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Healthy Weight

Achieving and maintaining a healthy weight

If you are underweight, overweight, or obese, you may have a higher risk of certain health problems. Maintaining a healthy weight can help you control your cholesterol, blood pressure and blood sugar. It might also help you prevent weight-related diseases, such as heart disease, diabetes, arthritis and some cancers.

Eating too much or not being physically active enough can make you overweight. To maintain your weight, the calories you eat must equal the energy you burn. To lose weight, you must use more calories than you eat. Being a healthy weight is about balancing what you regularly eat in your diet with how physically active you are on a daily basis.

If you are not sure if you are a healthy weight or not, why not try using the NHS Choices - BMI calculator to help guide you? 

Weight-control techniques for someone who is overweight might include some of the following:

  • Choosing low-fat, low-calorie foods
  • Eating smaller portions
  • Drinking water instead of sugary drinks
  • Being more physically active

If you are underweight you may want to consider eating extra calories within a well-balanced diet can help to add weight.

The Isle of Man currently offers a Weight Watchers Referral Programme; speak to your Doctor or Practice Nurse for more details and to see if you fit the referral criteria.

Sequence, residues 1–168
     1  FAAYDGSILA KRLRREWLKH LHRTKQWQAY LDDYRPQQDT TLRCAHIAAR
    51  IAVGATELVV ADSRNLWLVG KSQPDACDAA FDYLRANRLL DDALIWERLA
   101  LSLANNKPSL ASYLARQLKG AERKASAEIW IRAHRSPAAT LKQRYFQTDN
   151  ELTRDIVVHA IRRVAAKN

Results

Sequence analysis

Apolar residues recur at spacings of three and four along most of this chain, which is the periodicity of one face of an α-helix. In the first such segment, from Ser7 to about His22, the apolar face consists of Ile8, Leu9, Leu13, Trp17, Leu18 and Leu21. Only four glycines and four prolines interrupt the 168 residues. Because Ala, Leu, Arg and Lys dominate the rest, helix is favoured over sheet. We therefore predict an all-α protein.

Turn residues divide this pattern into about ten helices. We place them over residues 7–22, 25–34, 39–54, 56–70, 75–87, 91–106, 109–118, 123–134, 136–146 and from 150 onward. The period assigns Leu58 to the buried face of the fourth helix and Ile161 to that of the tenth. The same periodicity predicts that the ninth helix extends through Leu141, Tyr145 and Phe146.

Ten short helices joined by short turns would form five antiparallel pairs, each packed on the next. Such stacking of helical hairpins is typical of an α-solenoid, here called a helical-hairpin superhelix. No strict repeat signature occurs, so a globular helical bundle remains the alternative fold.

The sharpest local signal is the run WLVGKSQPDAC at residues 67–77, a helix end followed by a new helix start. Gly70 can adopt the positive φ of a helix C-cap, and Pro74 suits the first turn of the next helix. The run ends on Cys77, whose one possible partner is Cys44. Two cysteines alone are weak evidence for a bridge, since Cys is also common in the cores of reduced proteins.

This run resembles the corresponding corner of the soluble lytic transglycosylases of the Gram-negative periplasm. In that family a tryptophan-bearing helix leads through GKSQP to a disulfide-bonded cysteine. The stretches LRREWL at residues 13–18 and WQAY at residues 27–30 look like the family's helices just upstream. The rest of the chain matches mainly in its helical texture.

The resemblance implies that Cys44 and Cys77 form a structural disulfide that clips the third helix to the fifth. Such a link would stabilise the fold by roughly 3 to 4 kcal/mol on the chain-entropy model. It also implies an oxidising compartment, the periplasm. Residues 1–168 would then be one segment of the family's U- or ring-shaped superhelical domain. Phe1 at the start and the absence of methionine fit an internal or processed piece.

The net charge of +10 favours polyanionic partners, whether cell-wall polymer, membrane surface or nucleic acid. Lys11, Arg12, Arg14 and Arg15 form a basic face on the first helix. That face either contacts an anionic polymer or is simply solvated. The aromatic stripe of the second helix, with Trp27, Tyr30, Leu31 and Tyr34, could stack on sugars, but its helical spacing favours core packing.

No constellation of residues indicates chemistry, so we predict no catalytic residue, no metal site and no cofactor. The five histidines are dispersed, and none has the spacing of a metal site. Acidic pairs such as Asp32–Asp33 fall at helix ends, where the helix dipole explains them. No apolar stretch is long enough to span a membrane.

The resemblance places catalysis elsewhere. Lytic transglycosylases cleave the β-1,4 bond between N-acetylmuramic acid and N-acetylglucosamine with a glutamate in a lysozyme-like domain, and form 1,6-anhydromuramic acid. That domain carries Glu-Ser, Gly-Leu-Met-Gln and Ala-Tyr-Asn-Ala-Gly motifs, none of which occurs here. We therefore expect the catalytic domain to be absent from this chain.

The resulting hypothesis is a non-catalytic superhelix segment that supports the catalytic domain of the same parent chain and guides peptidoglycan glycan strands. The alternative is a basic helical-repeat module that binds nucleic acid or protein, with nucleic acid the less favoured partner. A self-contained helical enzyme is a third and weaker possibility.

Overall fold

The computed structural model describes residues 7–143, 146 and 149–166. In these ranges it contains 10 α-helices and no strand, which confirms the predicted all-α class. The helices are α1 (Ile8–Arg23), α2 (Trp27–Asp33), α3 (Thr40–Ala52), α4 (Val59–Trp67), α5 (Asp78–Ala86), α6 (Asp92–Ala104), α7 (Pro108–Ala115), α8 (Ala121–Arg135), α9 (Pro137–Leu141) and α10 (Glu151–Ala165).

Diet

Toddlers and School Children

All ages groups

Physical Activity

Regular exercise or being physically active can have positive effects on many aspects of health and well-being.  Exercise can come in many different forms, from traditional team sports to gardening, walking the dog, or active play if you are a child.

Not only can it help maintain and improve general fitness levels, it can also prevent ill-health. It also helps to tackle health problems, such as:

  • Overweight and obesity
  • High blood pressure
  • High cholesterol levels
  • Heart disease and angina
  • Type 2 diabetes
  • Joint and bone problems.

It is recognised that physical inactivity is one of a range of risk factors involved with the conditions above.

Recommended activity levels 

Local activity information

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